Week 40: Social engineering in the gaming community

10.10.2023 - Last week, a special case of social engineering was reported to the NCSC: in the video game community, a gamer was tricked into downloading a game that eventually turned out to be malware.

Fake game for Discord users

Attackers try to attack not only social media accounts like Facebook, Instagram and the like, but also the online service Discord, as shown by a case reported to the NCSC last week. Discord was originally developed for the needs of the video game community and offers the possibility to network, chat and talk while playing video games together online. In the case at hand, attackers specifically exploited the fact that Discord is mainly used in the gaming community in order to spread their malware.

The attack started with a message supposedly from a friend suggesting to try out a new game and download it. This is not unusual on Discord and, at first glance, also seems innocuous. However, the victim did not know that the attackers had previously hacked the friend's Discord account and taken control of it. Not suspecting anything, the victim then downloaded the executable file onto his computer and installed it. Since it was a game, it was also normal to confirm all warnings and notifications from the computer that something was being installed. But these confirmations also meant that malware was installed.

Shortly afterwards, the attackers attempted to take control of the Discord account of the person who reported the attack. The malware was able to intercept passwords and send them to the attackers. The attackers subsequently tried to take control of other services as well, as evidenced by warnings about attempted account changes received by the victim. However, these attempts failed especially where two-factor authentication was activated, as the second factor (one-time password) is preferably sent via a separate device (e.g. smartphone). If this device is not infected, attackers will not succeed in such cases. This shows how important it is to set up two-factor authentication and to use a different device for the second factor.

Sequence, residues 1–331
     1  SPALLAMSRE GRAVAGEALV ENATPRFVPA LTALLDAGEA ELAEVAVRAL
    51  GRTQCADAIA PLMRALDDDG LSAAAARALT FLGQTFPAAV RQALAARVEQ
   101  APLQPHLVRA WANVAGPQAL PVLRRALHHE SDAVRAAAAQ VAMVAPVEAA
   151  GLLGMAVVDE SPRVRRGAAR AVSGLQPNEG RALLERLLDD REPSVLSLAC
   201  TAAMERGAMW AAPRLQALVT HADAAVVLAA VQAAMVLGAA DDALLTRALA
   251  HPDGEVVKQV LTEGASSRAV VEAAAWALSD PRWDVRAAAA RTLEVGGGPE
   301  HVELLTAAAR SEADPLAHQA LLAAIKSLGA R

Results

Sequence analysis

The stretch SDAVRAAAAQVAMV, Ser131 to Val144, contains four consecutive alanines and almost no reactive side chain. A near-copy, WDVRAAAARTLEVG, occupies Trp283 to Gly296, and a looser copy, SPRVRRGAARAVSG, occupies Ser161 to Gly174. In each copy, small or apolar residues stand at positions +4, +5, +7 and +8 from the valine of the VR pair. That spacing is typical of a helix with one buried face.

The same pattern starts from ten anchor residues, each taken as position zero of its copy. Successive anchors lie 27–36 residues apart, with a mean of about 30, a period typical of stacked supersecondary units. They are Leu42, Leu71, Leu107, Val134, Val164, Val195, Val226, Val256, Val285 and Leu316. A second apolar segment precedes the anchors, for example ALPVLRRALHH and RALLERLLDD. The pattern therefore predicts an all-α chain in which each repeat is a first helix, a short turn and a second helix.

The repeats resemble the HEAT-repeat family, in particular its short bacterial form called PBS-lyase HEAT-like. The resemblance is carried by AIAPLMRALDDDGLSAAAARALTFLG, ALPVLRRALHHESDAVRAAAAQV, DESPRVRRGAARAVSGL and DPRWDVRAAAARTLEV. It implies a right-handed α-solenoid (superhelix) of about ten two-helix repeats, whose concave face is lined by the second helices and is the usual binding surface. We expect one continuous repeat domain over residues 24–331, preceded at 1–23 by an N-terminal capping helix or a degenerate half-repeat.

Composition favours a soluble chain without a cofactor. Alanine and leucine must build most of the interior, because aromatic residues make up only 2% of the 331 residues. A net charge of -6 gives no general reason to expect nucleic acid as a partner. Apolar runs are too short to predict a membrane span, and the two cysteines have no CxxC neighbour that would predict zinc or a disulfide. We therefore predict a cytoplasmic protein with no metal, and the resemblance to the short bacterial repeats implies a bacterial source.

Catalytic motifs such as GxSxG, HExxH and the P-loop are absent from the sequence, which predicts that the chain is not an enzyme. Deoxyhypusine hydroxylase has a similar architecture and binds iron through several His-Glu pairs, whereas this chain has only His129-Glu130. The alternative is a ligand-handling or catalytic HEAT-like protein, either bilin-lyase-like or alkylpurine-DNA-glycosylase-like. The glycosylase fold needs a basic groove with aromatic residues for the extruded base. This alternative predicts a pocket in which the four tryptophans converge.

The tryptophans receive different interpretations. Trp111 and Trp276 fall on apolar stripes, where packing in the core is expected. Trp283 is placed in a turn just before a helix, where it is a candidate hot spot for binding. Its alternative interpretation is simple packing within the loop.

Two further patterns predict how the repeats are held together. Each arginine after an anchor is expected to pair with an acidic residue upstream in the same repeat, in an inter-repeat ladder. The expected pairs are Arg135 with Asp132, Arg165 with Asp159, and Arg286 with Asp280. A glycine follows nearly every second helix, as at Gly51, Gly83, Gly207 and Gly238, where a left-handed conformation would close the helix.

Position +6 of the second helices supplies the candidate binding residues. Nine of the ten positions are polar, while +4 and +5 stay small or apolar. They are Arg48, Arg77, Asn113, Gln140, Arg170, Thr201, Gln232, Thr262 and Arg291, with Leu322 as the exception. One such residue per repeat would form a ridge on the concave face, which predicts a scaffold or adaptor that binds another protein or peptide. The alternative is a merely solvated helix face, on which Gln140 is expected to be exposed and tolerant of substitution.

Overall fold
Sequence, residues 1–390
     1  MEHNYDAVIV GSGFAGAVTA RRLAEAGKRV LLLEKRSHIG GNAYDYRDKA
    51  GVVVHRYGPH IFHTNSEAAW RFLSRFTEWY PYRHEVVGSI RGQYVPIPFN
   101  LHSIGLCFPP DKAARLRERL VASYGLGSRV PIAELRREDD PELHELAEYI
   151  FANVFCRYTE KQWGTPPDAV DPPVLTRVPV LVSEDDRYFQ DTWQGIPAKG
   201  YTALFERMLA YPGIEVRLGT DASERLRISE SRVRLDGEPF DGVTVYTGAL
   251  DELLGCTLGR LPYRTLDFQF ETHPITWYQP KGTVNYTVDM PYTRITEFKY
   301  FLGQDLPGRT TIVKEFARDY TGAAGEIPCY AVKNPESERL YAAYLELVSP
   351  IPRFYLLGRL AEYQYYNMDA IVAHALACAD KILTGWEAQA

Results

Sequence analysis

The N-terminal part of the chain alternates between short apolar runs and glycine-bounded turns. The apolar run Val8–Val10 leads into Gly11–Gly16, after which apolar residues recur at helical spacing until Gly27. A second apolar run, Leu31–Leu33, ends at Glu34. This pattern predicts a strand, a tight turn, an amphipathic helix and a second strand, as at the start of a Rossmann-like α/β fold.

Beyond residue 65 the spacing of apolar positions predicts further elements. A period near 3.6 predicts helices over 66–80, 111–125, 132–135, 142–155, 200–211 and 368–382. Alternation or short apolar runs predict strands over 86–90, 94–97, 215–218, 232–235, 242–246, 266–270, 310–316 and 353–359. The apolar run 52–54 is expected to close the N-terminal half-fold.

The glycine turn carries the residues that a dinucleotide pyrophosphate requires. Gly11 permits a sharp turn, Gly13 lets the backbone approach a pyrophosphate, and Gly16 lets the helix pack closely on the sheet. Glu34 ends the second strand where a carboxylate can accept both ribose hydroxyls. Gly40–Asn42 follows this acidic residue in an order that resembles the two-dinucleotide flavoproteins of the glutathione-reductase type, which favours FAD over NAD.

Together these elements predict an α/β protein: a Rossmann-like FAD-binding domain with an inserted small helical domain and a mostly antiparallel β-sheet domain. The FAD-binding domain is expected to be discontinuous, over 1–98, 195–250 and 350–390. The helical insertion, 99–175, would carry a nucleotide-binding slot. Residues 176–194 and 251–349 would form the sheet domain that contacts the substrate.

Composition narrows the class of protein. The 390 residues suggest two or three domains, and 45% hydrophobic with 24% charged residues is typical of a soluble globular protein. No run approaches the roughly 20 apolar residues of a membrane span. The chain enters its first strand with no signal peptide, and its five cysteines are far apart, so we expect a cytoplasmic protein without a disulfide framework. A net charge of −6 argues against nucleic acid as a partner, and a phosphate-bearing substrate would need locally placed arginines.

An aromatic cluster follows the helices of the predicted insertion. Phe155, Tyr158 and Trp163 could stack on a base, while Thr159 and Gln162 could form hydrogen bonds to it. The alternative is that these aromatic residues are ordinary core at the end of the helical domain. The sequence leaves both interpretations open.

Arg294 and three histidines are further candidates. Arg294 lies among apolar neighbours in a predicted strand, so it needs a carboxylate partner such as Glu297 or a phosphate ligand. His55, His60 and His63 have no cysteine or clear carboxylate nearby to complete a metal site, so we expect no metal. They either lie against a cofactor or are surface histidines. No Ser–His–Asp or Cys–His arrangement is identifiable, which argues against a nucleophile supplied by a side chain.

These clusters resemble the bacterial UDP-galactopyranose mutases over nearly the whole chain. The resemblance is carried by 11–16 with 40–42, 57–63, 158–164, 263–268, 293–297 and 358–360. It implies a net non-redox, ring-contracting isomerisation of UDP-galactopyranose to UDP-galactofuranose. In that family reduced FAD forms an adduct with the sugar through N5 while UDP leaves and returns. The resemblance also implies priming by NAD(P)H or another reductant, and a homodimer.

• Be careful when installing programs. Download programs solely from secure and trustworthy sources.
  • Wherever possible, install two-factor authentication.
  • If you suspect that your computer is infected with malware, contact a specialist computer retailer. 
  • Many malicious programs make profound changes to the system that cannot easily be reversed. Therefore, the entire system should be reinstalled if an infection is confirmed. Regular backups make it easier to restore your data. 
  • After the reinstallation, change your passwords for all online access (email, social networks, etc.).

Last modification 10.10.2023

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